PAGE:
Leslie’s designs were often inspired by nature, and the exhibition includes a number of his expressive drawings and sketches, as well as illustrated books. D.D. also drew, and their popular abstract chrysanthemum pattern, which covers one wall of the museum, is from her paintings. (The exhibition was curated by Donald Albrecht, Phyllis Magidson, and Phyllis Ross.) Their fabrics were used in the living quarters of the Kennedy White House, as well as for dresses worn by Jackie of the same simple, cotton, graphic quality as her more famous Marimekkos. The exhibit includes a note from Jackie after Caroline Kennedy’s wedding, where Tillett fabrics were used for all the tables to give it proper Cape Cod flair.

D.D. also sewed her own clothes, and one side of the gallery is taken up with a display of her own wardrobe, all of which uses swaths of patterned fabric in striking, hard-to-date ways. Because of the flowers, the fish, the plaids, the fabrics are closer to classic upholstery than those of Girard and Maija Isola, and worked within the updated traditional style of decorators like Parish-Hadley. The patterns read as more avant-garde on the many, many fashion products that used Tillett textiles, from a necktie subscription service to fabulous 1950s bathing suits. The Tilletts designed for both men and women, or rather, their graphic prints could go either way.

Custom fabrics with chrysanthemum pattern and strié. Designed by D.D. and Leslie Tillett

A fascinating side project: in 1969 Jackie Kennedy recruited the Tilletts to launch Design Works, a textile studio in Bedford Stuyvesant for which the Tilletts trained local residents in their techniques and collaborated on designs. Design Works was known for large-scale, ethically-inspired patterns and lasted until 1978. The exhibition includes a sample of a photorealistic fabric made by Design Works and based on an African mask at the Brooklyn Museum, that reminds me of Herzog and de Meuron's Ricola factory exterior. As a community development idea, this still appeals.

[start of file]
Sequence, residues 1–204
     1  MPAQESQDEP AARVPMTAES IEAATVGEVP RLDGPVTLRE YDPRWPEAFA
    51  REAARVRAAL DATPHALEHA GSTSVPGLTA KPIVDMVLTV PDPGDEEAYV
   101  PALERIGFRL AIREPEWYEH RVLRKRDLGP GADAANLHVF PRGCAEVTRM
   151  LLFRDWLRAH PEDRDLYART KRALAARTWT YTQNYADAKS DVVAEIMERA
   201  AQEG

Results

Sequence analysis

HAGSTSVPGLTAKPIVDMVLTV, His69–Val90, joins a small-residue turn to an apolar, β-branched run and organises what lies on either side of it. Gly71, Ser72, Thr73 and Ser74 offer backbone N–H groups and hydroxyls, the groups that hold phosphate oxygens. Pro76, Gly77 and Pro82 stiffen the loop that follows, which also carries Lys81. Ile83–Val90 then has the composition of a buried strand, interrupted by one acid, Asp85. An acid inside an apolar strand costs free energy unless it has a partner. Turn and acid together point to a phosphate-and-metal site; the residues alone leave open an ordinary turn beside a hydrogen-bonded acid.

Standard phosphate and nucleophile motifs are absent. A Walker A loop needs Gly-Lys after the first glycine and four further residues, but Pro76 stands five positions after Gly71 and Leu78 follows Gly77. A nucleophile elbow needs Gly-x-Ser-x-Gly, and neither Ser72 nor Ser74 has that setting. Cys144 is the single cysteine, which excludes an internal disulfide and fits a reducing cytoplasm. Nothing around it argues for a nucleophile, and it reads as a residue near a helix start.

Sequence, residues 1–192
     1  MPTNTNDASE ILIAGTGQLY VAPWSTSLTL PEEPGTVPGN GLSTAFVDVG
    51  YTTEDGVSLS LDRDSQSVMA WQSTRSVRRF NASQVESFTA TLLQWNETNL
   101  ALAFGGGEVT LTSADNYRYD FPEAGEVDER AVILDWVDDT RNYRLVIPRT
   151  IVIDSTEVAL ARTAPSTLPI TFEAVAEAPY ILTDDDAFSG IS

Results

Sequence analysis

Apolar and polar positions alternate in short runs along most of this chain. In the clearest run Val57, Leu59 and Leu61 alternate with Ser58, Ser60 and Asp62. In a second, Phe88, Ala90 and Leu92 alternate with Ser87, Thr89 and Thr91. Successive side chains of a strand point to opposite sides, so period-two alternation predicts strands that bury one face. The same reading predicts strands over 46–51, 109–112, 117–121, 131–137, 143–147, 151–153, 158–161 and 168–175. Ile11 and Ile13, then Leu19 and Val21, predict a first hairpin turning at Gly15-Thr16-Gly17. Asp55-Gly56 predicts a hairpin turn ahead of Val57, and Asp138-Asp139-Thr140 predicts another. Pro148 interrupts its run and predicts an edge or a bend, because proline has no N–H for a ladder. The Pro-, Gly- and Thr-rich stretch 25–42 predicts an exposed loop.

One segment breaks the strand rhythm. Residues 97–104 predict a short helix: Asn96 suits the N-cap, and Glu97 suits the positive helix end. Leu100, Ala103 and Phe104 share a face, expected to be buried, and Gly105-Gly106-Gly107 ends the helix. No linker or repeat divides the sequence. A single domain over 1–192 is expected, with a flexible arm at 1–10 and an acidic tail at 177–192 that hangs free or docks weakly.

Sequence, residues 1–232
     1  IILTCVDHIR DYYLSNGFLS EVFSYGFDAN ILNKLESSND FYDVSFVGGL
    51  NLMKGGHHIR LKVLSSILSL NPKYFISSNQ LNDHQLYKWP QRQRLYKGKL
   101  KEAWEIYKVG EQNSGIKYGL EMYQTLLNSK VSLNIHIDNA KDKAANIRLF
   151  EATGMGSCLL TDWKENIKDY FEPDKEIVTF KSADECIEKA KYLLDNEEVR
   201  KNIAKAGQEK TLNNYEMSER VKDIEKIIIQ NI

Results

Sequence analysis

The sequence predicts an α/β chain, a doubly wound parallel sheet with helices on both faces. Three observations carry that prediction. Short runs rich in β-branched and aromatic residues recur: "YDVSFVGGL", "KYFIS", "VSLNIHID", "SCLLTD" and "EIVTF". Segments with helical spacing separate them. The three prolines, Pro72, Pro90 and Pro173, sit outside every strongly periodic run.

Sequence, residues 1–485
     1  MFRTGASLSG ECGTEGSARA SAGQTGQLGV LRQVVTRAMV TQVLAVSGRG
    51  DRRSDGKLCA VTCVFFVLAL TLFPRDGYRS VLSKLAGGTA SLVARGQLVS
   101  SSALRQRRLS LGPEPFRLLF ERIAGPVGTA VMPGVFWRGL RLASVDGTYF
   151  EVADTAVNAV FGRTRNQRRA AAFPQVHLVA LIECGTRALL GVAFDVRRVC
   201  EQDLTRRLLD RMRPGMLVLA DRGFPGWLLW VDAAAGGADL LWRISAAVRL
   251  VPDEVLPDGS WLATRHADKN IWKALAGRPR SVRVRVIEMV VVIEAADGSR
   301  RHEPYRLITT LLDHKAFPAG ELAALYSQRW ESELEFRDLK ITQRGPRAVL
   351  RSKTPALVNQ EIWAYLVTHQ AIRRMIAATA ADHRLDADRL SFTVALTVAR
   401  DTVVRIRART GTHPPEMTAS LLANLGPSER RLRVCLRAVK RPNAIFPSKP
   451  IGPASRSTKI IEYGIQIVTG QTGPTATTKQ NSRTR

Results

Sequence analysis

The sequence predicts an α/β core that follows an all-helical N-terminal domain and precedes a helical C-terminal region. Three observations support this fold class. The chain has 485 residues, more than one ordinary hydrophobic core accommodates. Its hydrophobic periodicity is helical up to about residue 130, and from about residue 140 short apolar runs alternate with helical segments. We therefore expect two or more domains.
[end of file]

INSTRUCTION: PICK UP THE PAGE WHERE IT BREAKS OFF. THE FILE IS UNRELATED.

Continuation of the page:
As a holiday note, the museum shop is carrying a selection of merchandise made from the Tilletts’ own fabrics, manufactured by the Nantucket mills that created the originals. I was particularly taken with a large watercolor-tartan pouf. Less pricey fabric-covered journals and spools of Tillett-designed ribbon are also for sale.

Living room of the Tillett home and workshop, 170 East 80th Street, New York City, 1951. Photograph by Samuel H. Gottscho


The house's label in the 1940s and 1950s (for my #thriftbreak followers)

Share This Story

RELATED POSTS


Accidental Mysteries: 07.01.12


Accidental Mysteries, 03.25.12


[MB][BT] In Phone, In Fashion


Demedicalize Architecture


Accidental Mysteries, 09.09.12



RSS Subscribe to Comment Feed

Comments (1)   |   JUMP TO MOST RECENT >>

Alexandra
What an absolutely lovely article. And yes their fabrics definitely "went either way"
Thanks,

Linnaea Tillett
linnaea@tillettlightingdesign.com
linnaea tillett
12.03.12 at 01:26



LOG IN TO POST A COMMENT
Don't have an account? Create an account. Forgot your password? Click here.

Email


Password




|
Share This Story



Alexandra Lange is an architecture and design critic, and author of Writing about Architecture: Mastering the Language of Buildings and Cities. (Princeton Architectural Press, 2012). Her work has appeared in The Architect's Newspaper, Architectural Record, Dwell, Metropolis, Print, New York Magazine and The New York Times.
More >>

DESIGN OBSERVER JOBS









BOOKS BY Alexandra Lange

Writing About Architecture: Mastering the Language of Buildings and Cities
Princeton Architectural Press, 2012

Design Research
Chronicle Books, 2010

More books by contributors >>